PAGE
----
The Den. | Photo: WesBurger 'N More/Facebook

Babu Ji

280 Valencia St. 

It may serve Indian food, but Babu Ji wants diners to know that it is “not your typical Indian joint." The New York-based eatery, owned by Jennifer and Jessi Singh, now has a San Francisco outpost in the former Nostra space at 14th and Valencia, according to Tablehopper

The menu features cocktails and small bites like "colonel Tso's cauliflower" and potato croquettes, along with larger plates like tandoori chicken, naan pizza, and prawn and coconut curry. If you can't choose from among the plates, there's also a chef's tasting menu for $62, with beer and wine pairings for an extra $24-34. Or you can raid the help-yourself beer fridge, stocked with over 40 varieties of local beer. 

Coming Soon


3270 24th St.

A new rum bar is on its way to 24th Street: Obispo (Spanish for "bishop") is the latest endeavor for Bar Agricole and Trou Normand owner Thad Vogler. According to Inside Scoop, it's named for the street Vogler once lived on in Havana, and will offer simple food like grilled chicken, rice and beans, and macaroni salad. But the highlight will be a big selection of rum, along with rum cocktails. The staff will be Spanish-speaking, too. Expect Obispo to open in May.

Media Noche 

3465 19th St. 

Another Cuban-inspired spot is also on its way to the former Radish space: Media Noche, which means “midnight” in Spanish (and is also the name of a Cuban sandwich). The fast-casual eatery, owned by Madelyn Markoe (Tres Tequila Lounge, Tacolicious, Boxing Room) and Jessie Barker (Mexican Kitchen, Tres Tequila Lounge, Nopa), will actually stay open until medianoche on Fridays and Saturdays, offering modern Cuban fare like ropa vieja bowls with rice, empanadas, and guava cheesecake popsicles. (For more, check out their story in Tablehopper.) There's no word yet on when they'll open.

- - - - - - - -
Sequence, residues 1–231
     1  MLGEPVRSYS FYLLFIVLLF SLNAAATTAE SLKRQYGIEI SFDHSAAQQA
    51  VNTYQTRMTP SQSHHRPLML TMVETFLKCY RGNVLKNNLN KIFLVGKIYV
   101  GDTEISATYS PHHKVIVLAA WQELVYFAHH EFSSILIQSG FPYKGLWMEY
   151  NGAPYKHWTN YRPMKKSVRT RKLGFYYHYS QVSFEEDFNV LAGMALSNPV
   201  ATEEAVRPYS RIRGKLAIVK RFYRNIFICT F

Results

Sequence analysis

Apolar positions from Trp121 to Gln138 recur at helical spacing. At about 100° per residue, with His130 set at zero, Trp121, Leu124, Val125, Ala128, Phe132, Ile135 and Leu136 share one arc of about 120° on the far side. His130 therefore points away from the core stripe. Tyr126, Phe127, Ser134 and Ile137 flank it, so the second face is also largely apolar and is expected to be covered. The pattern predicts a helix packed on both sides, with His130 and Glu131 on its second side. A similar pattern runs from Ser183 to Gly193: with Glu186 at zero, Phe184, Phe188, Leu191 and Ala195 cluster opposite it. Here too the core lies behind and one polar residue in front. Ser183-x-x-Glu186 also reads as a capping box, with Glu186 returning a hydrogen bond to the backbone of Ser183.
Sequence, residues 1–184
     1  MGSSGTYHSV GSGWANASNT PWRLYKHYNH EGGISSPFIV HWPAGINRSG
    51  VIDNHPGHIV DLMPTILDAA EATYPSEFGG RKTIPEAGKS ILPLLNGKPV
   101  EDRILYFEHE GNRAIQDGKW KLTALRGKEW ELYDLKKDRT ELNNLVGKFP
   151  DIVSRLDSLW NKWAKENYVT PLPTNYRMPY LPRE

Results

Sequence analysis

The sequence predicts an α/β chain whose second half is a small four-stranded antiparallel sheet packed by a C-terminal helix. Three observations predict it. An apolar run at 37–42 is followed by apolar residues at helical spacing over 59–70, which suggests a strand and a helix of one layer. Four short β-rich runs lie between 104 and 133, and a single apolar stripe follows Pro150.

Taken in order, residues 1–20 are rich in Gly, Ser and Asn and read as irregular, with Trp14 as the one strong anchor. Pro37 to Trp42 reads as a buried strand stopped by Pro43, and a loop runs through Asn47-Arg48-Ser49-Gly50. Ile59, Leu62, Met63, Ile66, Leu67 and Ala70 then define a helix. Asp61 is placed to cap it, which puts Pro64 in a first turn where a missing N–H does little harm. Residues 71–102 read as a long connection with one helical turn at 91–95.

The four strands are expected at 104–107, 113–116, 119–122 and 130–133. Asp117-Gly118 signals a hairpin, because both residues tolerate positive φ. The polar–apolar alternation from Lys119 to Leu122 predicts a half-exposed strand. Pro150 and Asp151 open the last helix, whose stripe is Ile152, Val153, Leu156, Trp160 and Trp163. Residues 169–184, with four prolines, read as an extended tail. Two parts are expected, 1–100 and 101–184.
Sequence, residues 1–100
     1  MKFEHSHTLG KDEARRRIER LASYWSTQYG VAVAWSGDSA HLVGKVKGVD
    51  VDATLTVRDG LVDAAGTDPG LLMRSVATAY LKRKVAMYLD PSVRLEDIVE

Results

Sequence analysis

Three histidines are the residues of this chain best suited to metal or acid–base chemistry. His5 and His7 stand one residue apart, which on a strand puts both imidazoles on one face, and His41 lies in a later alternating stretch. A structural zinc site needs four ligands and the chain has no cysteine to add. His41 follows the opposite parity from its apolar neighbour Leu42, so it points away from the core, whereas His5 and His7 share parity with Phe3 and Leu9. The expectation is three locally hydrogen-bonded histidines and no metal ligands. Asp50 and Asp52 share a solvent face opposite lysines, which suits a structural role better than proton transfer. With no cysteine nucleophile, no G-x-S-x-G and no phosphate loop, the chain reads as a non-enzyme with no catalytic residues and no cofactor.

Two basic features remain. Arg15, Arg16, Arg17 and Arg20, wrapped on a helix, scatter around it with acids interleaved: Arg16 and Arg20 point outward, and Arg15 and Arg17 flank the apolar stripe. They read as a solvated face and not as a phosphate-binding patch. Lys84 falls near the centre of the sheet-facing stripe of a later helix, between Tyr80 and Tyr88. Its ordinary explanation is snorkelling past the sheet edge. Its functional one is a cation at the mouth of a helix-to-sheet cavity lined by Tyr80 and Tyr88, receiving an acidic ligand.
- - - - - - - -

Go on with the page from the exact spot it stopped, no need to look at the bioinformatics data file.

Hole in the Wall Coffee 

3150 18th St.

North Beach’s Hole in the Wall Coffee, which we've profiled before, is now owned by Nick Floulis of Chubby Noodle and Pisto’s, who'll be opening up a Mission location in a tiny spot on the ground floor of ActivSpace, the Mission's big collaborative space for artists, designers, and craftspeople. No word yet on when it will arrive. 

The original Hole in the Wall in North Beach. | Photo: Jacob Mullins/Hoodline

Alba Ray’s

2293 Mission St.

The long-vacant former Hapa Ramen space is finally seeing new life with Cajun-style Alba Ray, from Alvin Garcia and Adam Rosenblum, the team behind Popson’s and Causwell’s. According to Eater SF, it will offer shrimp and grits, dirty rice, andouille sausage, and crawfish boils in the spring and summer. To drink, there will be Sazeracs and frozen cocktails. It should open in January.

Got a hot tip on an incoming (or departing) restaurant? Want to know what's opening up at that under-construction address? Text Hoodline at (415) 200-3233, and we'll find out.